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  1. Spark
  2. SPARK-19700

Design an API for pluggable scheduler implementations

    Details

    • Type: Improvement
    • Status: Open
    • Priority: Major
    • Resolution: Unresolved
    • Affects Version/s: 2.1.0
    • Fix Version/s: None
    • Component/s: Spark Core
    • Labels:
      None

      Description

      One point that was brought up in discussing SPARK-18278 was that schedulers cannot easily be added to Spark without forking the whole project. The main reason is that much of the scheduler's behavior fundamentally depends on the CoarseGrainedSchedulerBackend class, which is not part of the public API of Spark and is in fact quite a complex module. As resource management and allocation continues evolves, Spark will need to be integrated with more cluster managers, but maintaining support for all possible allocators in the Spark project would be untenable. Furthermore, it would be impossible for Spark to support proprietary frameworks that are developed by specific users for their other particular use cases.

      Therefore, this ticket proposes making scheduler implementations fully pluggable. The idea is that Spark will provide a Java/Scala interface that is to be implemented by a scheduler that is backed by the cluster manager of interest. The user can compile their scheduler's code into a JAR that is placed on the driver's classpath. Finally, as is the case in the current world, the scheduler implementation is selected and dynamically loaded depending on the user's provided master URL.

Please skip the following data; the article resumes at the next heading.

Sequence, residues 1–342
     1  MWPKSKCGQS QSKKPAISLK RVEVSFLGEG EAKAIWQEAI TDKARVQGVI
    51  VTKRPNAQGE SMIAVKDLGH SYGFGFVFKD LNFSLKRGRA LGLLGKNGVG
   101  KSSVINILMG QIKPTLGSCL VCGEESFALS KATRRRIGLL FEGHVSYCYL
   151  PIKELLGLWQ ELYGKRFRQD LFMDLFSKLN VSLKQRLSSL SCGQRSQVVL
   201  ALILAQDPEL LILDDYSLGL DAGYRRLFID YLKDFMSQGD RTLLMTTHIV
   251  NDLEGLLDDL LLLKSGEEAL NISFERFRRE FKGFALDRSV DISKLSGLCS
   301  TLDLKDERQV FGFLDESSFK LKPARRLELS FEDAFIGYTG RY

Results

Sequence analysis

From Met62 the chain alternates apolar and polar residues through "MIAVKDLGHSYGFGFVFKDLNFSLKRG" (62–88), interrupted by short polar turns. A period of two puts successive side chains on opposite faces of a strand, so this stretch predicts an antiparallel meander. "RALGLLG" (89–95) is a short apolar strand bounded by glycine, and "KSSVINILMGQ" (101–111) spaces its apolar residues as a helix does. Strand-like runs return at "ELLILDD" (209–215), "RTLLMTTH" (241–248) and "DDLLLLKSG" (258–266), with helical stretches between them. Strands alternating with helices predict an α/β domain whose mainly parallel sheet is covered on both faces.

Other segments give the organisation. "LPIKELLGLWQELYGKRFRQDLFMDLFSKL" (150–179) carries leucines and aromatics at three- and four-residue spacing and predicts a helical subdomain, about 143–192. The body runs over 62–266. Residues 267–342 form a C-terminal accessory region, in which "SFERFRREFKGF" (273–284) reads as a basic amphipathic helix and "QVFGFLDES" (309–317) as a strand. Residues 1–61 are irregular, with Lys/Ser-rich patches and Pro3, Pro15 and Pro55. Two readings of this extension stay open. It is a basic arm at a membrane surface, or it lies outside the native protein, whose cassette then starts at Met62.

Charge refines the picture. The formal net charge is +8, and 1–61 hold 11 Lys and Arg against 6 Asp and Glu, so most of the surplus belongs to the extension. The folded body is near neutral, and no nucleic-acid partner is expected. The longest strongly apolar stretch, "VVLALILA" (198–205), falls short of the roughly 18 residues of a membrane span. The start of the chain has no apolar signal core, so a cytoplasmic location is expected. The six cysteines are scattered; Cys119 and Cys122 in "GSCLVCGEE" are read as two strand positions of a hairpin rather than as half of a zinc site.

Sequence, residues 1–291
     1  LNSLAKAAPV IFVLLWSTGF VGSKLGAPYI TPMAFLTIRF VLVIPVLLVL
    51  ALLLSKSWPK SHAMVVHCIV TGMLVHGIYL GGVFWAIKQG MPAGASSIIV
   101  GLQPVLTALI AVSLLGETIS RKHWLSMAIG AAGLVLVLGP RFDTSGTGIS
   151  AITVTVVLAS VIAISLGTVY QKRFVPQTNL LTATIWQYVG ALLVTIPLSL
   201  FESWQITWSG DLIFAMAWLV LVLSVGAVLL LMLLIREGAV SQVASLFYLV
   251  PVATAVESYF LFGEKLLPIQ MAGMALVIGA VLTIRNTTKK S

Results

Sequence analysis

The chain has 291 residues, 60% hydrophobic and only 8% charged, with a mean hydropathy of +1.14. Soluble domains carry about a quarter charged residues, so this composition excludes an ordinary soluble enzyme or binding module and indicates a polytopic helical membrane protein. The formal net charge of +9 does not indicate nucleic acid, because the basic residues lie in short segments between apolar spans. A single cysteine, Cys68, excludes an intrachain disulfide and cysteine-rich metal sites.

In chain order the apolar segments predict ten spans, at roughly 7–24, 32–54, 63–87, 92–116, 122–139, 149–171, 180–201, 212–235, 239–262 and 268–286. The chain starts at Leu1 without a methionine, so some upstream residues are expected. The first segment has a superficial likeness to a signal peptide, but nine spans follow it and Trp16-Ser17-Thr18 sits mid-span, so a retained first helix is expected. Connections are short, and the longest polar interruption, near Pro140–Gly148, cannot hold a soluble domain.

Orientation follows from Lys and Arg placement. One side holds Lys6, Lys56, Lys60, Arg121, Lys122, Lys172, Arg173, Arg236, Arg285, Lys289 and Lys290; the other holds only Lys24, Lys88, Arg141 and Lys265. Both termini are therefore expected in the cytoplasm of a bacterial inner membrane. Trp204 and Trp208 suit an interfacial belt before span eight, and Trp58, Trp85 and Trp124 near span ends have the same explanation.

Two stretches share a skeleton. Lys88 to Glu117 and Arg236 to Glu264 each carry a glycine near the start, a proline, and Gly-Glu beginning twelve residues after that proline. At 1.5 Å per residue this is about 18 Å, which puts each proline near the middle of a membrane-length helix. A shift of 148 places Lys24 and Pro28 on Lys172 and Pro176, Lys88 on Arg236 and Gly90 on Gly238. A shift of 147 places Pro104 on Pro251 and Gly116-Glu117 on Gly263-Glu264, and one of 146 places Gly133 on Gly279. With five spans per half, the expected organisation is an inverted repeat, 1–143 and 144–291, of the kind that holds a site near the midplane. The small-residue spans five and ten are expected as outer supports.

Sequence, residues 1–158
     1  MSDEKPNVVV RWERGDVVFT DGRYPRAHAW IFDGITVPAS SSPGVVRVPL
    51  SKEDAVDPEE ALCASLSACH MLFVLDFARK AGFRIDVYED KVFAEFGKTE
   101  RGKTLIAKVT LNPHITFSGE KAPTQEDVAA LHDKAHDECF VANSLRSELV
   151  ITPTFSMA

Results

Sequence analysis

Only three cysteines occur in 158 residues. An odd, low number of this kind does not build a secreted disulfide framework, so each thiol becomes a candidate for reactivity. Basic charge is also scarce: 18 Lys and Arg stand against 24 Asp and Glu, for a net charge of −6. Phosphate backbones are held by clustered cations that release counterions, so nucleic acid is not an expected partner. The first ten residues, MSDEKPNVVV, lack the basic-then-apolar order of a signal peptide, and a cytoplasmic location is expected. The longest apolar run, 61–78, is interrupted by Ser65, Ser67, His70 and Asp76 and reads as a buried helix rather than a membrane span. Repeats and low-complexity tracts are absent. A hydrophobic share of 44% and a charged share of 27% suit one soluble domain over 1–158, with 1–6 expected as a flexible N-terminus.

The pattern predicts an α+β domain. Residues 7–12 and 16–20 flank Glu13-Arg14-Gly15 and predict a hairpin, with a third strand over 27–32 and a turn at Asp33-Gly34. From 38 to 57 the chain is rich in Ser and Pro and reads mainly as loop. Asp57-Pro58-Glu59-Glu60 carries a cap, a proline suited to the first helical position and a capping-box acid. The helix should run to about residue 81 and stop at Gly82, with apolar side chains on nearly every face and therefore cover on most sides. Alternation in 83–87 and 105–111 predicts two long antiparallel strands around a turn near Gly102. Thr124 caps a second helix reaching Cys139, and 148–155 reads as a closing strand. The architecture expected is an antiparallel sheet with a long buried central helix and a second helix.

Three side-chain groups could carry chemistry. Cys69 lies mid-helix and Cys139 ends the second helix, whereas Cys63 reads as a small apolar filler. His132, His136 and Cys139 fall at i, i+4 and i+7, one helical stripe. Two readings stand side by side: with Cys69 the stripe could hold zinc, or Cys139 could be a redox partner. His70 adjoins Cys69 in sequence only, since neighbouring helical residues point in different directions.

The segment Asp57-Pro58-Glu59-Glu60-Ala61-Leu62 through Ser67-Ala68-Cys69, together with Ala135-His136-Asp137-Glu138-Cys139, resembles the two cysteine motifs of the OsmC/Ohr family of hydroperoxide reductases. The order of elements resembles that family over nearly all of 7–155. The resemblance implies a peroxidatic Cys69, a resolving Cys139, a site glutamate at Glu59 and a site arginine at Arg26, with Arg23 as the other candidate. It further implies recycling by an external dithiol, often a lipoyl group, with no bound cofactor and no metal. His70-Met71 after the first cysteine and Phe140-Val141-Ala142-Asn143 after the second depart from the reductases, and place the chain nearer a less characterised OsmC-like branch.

Determining the correct API is the most challenging problem. The current CoarseGrainedSchedulerBackend handles many responsibilities, some of which will be common across all cluster managers, and some which will be specific to a particular cluster manager. For example, the particular mechanism for creating the executor processes will differ between YARN and Mesos, but, once these executors have started running, the means to submit tasks to them over the Netty RPC is identical across the board.

      We must also consider a plugin model and interface for submitting the application as well, because different cluster managers support different configuration options, and thus the driver must be bootstrapped accordingly. For example, in YARN mode the application and Hadoop configuration must be packaged and shipped to the distributed cache prior to launching the job. A prototype of a Kubernetes implementation starts a Kubernetes pod that runs the driver in cluster mode.

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              • Assignee:
                Unassigned
                Reporter:
                mcheah Matt Cheah
              • Votes:
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                Dates

                • Created:
                  Updated: